Why it works: Learning how to process automatic thoughts and emotions can help everyone perform their best, says Russ Rausch, a partner at Chicago-based Vision Pursue who provides mental training to rookies on the Atlanta Falcons. This three-step process helps you stay level-headed when things don’t go smoothly. “For players, being able to get back into the moment more quickly without being sidetracked by emotions is incredibly powerful,” Rausch says.
Try it: First, write down something that you expect to give you anxiety today, like an upcoming race or a difficult conversation at work. Then, write down how you think the situation will play out and evaluate the emotions, such as frustration or discomfort, you may feel as a result. Finally, write down everything you can control about the encounter, like your training or the tone of your voice. Perform these three steps any time a specific event is causing you stress or anxiety so you can respond rationally.
Why it works: This strategy requires you to focus—and inevitably refocus—on one thing and one thing alone. With practice, you should be able to concentrate on a single point of interest (like a work task) in busy environments (like a loud office). This can help NFL players stay focused when rowdy crowds or opponents threaten to distract them.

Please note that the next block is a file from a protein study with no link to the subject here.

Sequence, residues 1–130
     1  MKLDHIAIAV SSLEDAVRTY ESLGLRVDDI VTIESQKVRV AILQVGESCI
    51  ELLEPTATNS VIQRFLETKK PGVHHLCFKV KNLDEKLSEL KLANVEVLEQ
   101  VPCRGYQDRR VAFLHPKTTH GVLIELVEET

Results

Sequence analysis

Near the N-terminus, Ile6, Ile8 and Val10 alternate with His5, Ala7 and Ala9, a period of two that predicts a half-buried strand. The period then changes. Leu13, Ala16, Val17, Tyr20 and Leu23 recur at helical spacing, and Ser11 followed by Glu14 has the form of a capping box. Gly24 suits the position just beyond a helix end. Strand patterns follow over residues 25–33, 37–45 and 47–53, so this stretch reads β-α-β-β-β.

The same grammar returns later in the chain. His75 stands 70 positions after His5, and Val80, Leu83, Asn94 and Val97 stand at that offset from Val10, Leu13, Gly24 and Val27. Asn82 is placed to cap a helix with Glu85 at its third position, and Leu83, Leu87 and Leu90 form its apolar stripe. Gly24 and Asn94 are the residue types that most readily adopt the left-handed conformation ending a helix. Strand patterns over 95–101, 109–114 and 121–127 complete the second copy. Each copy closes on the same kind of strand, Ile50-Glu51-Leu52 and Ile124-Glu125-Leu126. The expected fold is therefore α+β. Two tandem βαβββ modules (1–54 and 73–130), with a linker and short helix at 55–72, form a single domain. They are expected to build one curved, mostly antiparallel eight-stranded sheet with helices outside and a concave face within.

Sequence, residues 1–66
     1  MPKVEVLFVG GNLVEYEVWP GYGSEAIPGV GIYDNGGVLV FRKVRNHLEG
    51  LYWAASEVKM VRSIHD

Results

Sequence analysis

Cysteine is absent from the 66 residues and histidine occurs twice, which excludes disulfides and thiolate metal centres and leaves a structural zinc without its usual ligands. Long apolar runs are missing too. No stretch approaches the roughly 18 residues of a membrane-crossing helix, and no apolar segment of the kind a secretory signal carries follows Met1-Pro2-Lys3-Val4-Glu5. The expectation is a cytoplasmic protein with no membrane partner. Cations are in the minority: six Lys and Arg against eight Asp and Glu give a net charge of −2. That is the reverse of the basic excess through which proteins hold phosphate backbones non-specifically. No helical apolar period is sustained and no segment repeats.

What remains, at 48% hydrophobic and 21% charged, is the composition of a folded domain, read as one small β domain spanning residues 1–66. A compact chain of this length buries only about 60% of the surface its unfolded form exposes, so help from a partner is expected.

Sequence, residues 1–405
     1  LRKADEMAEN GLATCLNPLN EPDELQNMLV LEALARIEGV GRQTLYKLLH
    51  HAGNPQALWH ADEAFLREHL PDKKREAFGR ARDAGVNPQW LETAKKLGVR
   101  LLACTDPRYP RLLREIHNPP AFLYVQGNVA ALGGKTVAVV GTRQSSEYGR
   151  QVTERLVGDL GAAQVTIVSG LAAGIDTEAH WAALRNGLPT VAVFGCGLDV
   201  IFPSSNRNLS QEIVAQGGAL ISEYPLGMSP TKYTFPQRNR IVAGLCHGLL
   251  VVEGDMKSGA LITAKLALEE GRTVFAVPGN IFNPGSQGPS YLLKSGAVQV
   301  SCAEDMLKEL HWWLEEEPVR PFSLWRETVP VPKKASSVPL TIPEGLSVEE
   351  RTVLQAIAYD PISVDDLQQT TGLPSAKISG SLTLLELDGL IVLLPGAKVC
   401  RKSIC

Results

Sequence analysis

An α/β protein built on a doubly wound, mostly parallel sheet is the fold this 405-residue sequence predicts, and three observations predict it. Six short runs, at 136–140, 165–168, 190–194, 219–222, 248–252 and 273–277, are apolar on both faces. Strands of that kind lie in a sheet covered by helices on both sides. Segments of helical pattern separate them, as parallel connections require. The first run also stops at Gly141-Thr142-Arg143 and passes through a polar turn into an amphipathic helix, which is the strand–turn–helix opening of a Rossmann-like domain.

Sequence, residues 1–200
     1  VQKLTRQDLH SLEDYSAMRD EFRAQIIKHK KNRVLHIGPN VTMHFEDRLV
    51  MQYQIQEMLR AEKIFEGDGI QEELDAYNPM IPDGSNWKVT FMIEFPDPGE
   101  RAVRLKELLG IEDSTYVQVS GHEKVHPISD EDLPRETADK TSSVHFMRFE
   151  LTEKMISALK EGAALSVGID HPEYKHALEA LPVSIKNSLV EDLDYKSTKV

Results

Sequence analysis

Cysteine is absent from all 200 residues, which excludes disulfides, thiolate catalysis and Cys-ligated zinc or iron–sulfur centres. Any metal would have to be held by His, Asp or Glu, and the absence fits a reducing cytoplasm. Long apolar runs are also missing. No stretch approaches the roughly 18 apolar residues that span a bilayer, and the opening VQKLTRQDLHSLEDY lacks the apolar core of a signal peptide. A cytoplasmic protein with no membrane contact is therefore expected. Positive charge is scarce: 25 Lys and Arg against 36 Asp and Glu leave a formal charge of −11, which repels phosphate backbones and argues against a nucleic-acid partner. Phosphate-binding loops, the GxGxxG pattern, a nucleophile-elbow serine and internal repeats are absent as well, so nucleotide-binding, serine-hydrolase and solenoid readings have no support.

Try it: Sit somewhere quiet in a comfortable position with good posture and pay attention to the four segments of your breath: the inhale, the pause, the exhale, and the pause. Spend 4 seconds on each. “When your mind wanders, questions, or critiques, swiftly refocus on the breath,” Gervais says. Continue for 5 minutes.
Once you’ve mastered this in a still space, progress by focusing on external items like the flickering light of a candle or the horizon. The ultimate test is practicing single-point focus (whether on your breathing or something else) in a hectic environment for eight to 20 minutes, Gervais says. Make the practice a daily habit by stacking it with something else you do every day, like brewing coffee.
Why it works: A lot of people struggle to sit down and meditate, so Rausch often asks players to be mindful on the move instead.
Try it: Start walking in an outdoor area away from cars, then perform a body scan. First, embrace the sensation of your feet making contact with the ground, then work your way up the body to the hands, then up again to your face and the tip of your head. Notice how the wind or sun makes your skin feel.
When you’ve addressed every sensation, scan your surroundings, like the people and buildings passing by. Finally, bring your awareness to the sounds. Notice all of them together, then focus on a single noise and try to block out the rest. After 5 minutes, take a few seconds to gradually slow to a stop. Repeat daily.